Following the Ramban, then, it might be argued that Shmuel preferred political instability only in the circumstances that prevailed during his day, and that he was not arguing in favor of the system of judges in all situations and conditions.
As is well known, an extensive literature exists concerning the mitzva of appointing a king and the desirability of a monarchal regime for the people of Israel, in which the passages in the books of Devarim and Shmuel stand at the heart of the discussion. To a great degree, the discussion revolves around fundamental questions of political philosophy and Halakha's position in their regard; it is not our intention to relate to these questions in this framework. There is, however, an exegetical element that we will introduce into the discussion, for surely we are dealing with biblical passages found in specific contexts in the framework of Scripture and with the reciprocal relationships between them. This is especially true with regard to the book of Shmuel, in which the moral assessment of the institution of monarchy is woven into a clearly narrative framework.
There is an approach that negates the monarchy as a matter of principle and prefers a different form of government, be that a theocracy or a democracy. Proponents of such a view rely on the words of Shmuel as expressing a fundamental position that is valid at all times and in all places, and therefore they see no need to examine the specific circumstances and historical context of our parasha. In light of what we have said, however, their reliance on the words of Shmuel must be moderated, for it ignores the historical reality in which and against which they were uttered. Weighty arguments can be raised against the monarchal system and good reasons provided for opting for one of the alternatives (see Abravanel in his commentary to the book of Devarim). The sages of Israel disagree about which system of government is most desirable. But it must be emphasized that the words of Shmuel do not show preference to a different stable system or an established republic over a strong monarchy, but rather they praise a fluid situation and transient rule. Shmuel sees the spiritual advantage of the instability of the period of the judges, and therefore we cannot infer from his words the superiority of other systems in a stable situation.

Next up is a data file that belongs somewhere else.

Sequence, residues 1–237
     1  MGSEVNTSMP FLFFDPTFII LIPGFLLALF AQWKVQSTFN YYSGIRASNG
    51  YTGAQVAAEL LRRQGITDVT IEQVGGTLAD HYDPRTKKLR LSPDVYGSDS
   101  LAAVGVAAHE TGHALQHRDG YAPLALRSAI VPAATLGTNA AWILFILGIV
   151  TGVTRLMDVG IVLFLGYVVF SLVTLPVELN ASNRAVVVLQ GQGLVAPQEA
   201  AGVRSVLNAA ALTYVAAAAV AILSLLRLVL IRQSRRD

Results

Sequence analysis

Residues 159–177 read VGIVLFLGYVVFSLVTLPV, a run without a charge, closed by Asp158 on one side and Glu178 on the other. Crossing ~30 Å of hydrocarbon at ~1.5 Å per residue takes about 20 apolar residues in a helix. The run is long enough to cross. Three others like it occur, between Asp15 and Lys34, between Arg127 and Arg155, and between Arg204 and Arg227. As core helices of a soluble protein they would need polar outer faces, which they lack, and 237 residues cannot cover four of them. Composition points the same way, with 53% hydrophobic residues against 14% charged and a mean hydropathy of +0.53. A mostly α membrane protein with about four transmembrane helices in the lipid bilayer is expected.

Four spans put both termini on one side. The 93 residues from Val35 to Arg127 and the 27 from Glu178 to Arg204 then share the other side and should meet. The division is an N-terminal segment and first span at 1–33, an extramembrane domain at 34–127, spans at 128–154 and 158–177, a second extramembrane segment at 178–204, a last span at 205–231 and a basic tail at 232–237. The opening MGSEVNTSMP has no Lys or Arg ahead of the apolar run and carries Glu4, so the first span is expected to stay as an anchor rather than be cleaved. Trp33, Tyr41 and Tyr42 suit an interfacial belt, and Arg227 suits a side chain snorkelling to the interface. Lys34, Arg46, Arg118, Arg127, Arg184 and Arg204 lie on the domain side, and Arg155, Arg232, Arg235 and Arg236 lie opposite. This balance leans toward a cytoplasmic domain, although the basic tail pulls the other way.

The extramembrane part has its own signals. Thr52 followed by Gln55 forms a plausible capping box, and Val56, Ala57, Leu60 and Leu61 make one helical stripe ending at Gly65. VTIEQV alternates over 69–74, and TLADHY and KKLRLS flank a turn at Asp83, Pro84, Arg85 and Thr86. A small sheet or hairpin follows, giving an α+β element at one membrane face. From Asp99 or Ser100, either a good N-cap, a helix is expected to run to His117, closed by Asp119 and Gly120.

Regarding this point, we must examine the other side of the coin, namely, the attitude toward monarchy. The advantage of the instability of the judges over the monarchy depends also on the spiritual leadership that the monarchy will radiate to the people. While, according to Shmuel, the system that was operative during the period of the judges had a built in advantage, provided that the judge was a "philosopher-king," it also exacted a significant price, namely, instability. We see then that the costs and benefits must be evaluated in each system, and that the assessment of the issue is not only a function of the quality of the judge, but also that of the king and the spiritual inspiration and recognition of the kingdom of heaven that he will bring to the nation. On the contrary, if the king sees himself as the anointed of God and as God's agent to act on earth for the glory of heaven, this has a certain advantage to the existing situation, for there will be stability and an established regime that recognizes the kingdom of heaven. Shmuel emphasizes the advantage of a judge in order to teach the people what they will now be lacking, but the compensation for what will be lost depends on the governance of the king: